As the Rainy Season Begins, What Will Happen to Those Displaced in South Sudan?

By Masha Hamilton, Vice President, Communications, Concern Worldwide, U.S.

JUBA, South SudanóJima starts nearly every morning with a glance at the sky, watching for rain. His interest is not idle. A block leader in a camp who fled their homes after fighting broke out here four and a half months ago, he knows the problems faced by residents for whom he is responsible are going to multiply once the skies open and the land floods.

The heavy rains could begin any day now and usually last until October. Most of the makeshift shelters in the congested camp where Jima lives have not yet been elevated. Not enough nets have been distributed to meet needs once the rains bring a likely increase in mosquito-borne diseases, including malaria. Drainage ditches are being dug at full pelt, but maybe not quickly enough to beat the rains, which have arrived early.

“The people are going to have a miserable rainy season, and there is only so much we can do about it,” said†Concern Worldwide‘s Country Director for South Sudan, John Kilkenny. “The camps grew up around spots of necessity, not of choice. They were spots that provided a degree of physical safety as people fled in fear.”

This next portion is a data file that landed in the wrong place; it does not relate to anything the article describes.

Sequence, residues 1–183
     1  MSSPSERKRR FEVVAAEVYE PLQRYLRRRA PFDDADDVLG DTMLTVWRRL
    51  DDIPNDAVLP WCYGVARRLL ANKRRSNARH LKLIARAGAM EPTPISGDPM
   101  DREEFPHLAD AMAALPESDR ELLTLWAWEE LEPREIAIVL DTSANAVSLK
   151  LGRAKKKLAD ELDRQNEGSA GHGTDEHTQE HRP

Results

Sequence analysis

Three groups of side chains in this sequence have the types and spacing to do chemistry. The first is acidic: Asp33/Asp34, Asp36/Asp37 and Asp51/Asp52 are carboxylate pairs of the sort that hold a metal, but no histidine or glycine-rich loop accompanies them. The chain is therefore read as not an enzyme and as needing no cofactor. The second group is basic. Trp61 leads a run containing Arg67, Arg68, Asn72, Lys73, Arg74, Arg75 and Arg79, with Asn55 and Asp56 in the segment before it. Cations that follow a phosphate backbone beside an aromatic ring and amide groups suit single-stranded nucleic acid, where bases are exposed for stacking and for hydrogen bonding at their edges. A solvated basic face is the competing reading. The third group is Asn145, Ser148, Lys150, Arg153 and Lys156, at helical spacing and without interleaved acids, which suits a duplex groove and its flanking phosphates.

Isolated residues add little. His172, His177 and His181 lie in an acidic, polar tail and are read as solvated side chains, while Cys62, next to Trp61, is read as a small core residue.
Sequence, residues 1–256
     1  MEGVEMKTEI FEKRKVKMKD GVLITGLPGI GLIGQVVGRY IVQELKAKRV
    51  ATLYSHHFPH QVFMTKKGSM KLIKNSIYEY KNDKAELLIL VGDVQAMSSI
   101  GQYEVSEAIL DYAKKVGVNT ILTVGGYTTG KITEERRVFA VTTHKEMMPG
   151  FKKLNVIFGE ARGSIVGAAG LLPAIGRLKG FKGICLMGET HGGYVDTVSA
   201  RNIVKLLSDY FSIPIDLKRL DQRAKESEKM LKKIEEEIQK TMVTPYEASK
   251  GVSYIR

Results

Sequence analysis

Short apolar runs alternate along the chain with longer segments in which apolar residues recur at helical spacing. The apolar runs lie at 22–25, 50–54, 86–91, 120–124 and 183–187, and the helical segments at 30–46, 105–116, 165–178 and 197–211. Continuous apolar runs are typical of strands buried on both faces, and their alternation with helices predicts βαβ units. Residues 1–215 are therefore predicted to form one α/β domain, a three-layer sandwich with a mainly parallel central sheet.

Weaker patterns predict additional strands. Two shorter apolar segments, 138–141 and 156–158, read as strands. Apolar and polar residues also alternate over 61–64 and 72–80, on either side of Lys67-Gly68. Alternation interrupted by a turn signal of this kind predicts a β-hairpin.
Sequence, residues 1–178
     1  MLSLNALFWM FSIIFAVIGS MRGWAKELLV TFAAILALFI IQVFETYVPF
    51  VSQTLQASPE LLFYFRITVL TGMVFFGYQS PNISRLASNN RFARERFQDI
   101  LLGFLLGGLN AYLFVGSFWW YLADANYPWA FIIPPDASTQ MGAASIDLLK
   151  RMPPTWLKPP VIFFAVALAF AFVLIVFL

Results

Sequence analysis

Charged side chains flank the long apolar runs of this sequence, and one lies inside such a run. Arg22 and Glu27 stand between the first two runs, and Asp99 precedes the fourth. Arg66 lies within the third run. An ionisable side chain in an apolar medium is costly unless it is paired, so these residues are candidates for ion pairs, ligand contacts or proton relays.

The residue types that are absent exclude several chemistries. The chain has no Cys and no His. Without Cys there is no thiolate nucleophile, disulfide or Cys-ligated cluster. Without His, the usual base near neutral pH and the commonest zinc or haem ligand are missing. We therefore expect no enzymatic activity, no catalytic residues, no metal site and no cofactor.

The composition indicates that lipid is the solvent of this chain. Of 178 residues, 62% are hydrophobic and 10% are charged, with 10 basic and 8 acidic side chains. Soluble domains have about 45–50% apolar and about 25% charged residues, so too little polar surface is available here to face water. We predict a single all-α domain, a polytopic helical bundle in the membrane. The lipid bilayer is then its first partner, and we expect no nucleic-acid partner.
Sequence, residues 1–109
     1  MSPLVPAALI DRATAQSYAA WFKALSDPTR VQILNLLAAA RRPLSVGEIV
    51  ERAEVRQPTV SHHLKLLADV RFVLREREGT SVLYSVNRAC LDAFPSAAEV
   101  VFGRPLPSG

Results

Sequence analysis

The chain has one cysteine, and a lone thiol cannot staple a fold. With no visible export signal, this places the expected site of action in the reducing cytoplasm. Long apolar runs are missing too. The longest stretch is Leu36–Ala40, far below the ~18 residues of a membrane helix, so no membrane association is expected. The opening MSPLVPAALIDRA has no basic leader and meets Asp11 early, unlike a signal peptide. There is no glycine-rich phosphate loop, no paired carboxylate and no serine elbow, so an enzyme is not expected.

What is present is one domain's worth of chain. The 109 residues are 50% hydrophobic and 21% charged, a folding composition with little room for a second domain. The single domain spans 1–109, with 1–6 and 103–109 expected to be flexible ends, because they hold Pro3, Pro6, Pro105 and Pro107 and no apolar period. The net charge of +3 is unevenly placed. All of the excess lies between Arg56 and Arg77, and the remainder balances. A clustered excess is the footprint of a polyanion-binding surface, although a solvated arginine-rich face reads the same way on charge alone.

Concern Worldwide is working closely with other non-governmental agencies to meet the needs. In Jima’s PoC (Protection of Civilians) camp #1, on a UNMISS (United Nations Mission in the†Republic of South Sudan) military base, Concern Worldwide has distributed 185 metric tons of food in April, including sorghum, lentils, vegetable oil and salt.

Concern Worldwide also conducts screening for supplementary food distribution for malnourished children and pregnant and lactating mothers, and distributes non-food items, including material to reinforce shelters (e.g., plastic sheeting, nylon ropes and sandbags). Concern Worldwide is also racing to deliver thousands of cubic meters of soil so that people can raise the bases of their makeshift homes in an attempt to keep them above the waterline once the rains come.

But UN officials have warned that a donor shortfall is likely to worsen the crisis, especially beyond the capital city of Juba where market shelves lay bare and aid has been slow to arrive. John Kilkenny agreed.

“People are already desperate. But donors have a chance to head off a potential catastrophe,” he said. “Money contributed today will help resolve problems as the crisis worsens.”